Borrow like Buffett

To shore up the faltering economy, the Federal Reserve in mid-March slashed a key interest rate nearly to zero, matching an all-time low it established during the 2008 financial crisis and the Great Recession.

Buffett hasn't figured out a way to borrow at zero interest (at least not yet), but his Berkshire Hathaway company did come close as it recently capitalized on the low-rate environment the Fed helped create.

In a filing last month with U.S. regulators, Berkshire said that through a bond offering priced in Japanese yen, it would be taking on the equivalent of over $1.8 billion in debt — at rates ranging from 2% to just 0.674%.

You won't find mortgage rates way down in that neighborhood, but they have been breaking records thanks to the Fed's extreme rate cutting and its other moves to help the economy. Thirty-year fixed-rate mortgages have just begun popping up with unbelievably low rates below 3%.

During a 2017 CNBC interview, Buffett called the 30-year mortgage "the best instrument in the world" — because of your ability to refinance when you find a lower rate.

"If you’re wrong and rates go to 2%, which I don’t think they will, you pay it off," he said at the time. "It’s a one-way renegotiation. It is an incredibly attractive instrument for the homeowner and you’ve got a one-way bet."

If you're considering a refinance, use the calculator below to see how you could cut your monthly payment with one of today's low rates.

Still on the fence? Jump off

young married couple with finance problems and emotional stress
David Prado Perucha / Shutterstock

Many households have seized upon the sliding rates on home loans. During some recent weeks, Americans were applying for refinance mortgages at three and four times the levels seen a year ago, according to the Mortgage Bankers Association.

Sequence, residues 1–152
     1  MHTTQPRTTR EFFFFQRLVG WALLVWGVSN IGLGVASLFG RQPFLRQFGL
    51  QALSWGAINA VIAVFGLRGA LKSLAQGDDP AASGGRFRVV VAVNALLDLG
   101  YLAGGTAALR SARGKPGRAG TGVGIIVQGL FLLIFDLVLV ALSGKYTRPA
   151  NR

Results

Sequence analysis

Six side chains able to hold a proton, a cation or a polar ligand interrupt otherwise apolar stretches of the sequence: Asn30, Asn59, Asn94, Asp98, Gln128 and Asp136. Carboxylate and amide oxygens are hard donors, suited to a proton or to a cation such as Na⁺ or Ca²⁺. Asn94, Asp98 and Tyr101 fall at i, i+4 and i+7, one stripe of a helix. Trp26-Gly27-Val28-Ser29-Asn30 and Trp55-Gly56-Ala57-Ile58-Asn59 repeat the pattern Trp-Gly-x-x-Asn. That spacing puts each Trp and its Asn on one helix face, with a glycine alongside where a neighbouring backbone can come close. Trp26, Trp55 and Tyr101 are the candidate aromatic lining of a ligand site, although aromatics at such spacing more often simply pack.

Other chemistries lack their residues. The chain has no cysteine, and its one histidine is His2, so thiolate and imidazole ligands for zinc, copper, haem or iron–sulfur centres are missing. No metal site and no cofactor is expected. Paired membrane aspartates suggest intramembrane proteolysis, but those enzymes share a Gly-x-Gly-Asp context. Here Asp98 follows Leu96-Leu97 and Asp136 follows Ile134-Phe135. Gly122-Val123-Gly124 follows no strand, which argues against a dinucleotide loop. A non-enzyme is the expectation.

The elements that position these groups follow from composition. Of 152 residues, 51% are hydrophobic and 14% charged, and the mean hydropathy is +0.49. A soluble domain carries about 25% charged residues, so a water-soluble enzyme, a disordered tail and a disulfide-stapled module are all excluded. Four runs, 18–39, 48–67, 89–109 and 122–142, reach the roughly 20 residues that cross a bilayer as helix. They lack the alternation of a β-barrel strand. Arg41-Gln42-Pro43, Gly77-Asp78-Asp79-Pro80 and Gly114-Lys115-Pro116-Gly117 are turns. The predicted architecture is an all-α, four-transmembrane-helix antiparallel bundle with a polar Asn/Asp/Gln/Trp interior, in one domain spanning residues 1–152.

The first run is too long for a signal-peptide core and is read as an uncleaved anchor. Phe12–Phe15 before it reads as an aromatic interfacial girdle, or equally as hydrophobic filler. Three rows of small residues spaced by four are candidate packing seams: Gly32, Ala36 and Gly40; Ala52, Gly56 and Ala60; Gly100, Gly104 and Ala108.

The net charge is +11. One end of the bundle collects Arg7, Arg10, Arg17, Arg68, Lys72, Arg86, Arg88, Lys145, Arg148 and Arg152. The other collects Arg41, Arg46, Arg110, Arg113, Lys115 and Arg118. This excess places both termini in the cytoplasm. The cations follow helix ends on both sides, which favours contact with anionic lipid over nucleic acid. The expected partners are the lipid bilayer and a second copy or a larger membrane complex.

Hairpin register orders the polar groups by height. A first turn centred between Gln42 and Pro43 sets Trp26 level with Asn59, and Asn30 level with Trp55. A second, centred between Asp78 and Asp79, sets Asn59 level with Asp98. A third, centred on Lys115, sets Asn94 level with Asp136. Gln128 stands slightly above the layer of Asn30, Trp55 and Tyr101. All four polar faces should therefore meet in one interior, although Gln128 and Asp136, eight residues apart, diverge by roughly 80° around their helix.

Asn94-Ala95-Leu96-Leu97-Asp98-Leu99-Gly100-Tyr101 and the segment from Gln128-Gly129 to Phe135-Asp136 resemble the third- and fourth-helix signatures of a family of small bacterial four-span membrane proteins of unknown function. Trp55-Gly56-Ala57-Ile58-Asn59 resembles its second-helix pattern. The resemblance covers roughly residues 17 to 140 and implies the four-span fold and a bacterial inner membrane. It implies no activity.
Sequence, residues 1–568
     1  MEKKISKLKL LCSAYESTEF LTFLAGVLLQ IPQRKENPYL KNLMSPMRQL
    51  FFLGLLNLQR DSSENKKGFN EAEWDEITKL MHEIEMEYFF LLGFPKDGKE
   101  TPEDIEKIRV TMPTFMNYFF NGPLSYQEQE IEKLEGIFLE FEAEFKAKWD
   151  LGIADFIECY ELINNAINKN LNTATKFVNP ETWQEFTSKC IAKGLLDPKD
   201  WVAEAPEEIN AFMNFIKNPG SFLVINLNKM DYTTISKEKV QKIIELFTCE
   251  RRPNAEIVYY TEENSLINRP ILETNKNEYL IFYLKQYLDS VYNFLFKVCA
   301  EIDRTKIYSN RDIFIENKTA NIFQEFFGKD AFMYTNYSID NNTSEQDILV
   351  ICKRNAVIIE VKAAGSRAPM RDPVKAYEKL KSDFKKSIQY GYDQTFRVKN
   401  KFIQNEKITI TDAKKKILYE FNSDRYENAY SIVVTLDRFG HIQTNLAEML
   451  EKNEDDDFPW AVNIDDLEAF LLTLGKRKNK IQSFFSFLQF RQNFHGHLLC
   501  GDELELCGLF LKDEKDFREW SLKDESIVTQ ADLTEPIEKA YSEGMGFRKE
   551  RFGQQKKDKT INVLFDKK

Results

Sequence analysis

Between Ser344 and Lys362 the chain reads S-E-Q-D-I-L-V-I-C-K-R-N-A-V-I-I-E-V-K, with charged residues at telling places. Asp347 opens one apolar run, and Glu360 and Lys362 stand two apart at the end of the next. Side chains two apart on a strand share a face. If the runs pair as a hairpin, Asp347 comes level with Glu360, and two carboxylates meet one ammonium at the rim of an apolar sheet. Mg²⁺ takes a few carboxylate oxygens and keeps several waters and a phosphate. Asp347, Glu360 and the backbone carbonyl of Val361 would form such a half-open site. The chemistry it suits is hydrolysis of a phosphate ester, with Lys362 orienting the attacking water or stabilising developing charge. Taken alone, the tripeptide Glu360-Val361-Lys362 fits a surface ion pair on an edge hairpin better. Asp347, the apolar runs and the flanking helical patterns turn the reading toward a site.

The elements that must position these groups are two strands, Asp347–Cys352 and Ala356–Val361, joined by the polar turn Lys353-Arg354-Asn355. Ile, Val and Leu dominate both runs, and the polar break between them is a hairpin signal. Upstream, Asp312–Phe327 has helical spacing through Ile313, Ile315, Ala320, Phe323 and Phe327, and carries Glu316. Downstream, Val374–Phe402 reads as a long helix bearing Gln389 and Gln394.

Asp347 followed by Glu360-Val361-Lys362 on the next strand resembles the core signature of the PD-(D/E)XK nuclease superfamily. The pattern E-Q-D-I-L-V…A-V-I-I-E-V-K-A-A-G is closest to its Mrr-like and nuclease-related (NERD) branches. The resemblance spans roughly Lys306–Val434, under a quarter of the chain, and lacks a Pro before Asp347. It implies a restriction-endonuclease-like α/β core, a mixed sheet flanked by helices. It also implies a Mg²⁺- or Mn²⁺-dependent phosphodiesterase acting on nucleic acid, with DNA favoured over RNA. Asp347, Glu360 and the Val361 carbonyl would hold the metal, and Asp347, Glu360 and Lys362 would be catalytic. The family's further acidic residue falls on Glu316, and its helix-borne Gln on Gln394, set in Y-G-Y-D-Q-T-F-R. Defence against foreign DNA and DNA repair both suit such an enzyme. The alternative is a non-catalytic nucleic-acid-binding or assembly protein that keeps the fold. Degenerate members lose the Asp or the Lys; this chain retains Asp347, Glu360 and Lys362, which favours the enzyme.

"With many homeowners still facing economic and employment uncertainty, these refinance opportunities will allow them to save money on their monthly payments, which can then be used to help other areas of their budgets," says Joel Kan, the trade group's vice president of forecasting.

LendingTree estimated earlier this spring that homeowners who refinanced mortgages taken out just one year ago would save an average of roughly $60 a month for every $100,000 borrowed.

Still waffling? You're in a good position to refinance and score a sensationally low mortgage rate if you currently have a 30-year mortgage at 4% or higher and if your credit score is exceptional (800 or higher) or very good (740 to 799).

Warren Buffett says it's a good time to borrow money. Maybe it's your time to dramatically cut the cost of your mortgage.

Take a look at today's best refinance rates where you are:

About the Author

Doug Whiteman

Doug Whiteman

Editor-in-Chief

Doug Whiteman is the editor-in-chief of MoneyWise. He has been quoted by The Wall Street Journal, USA Today and CNBC.com and has been interviewed on Fox Business, CBS Radio and the syndicated TV show "First Business."

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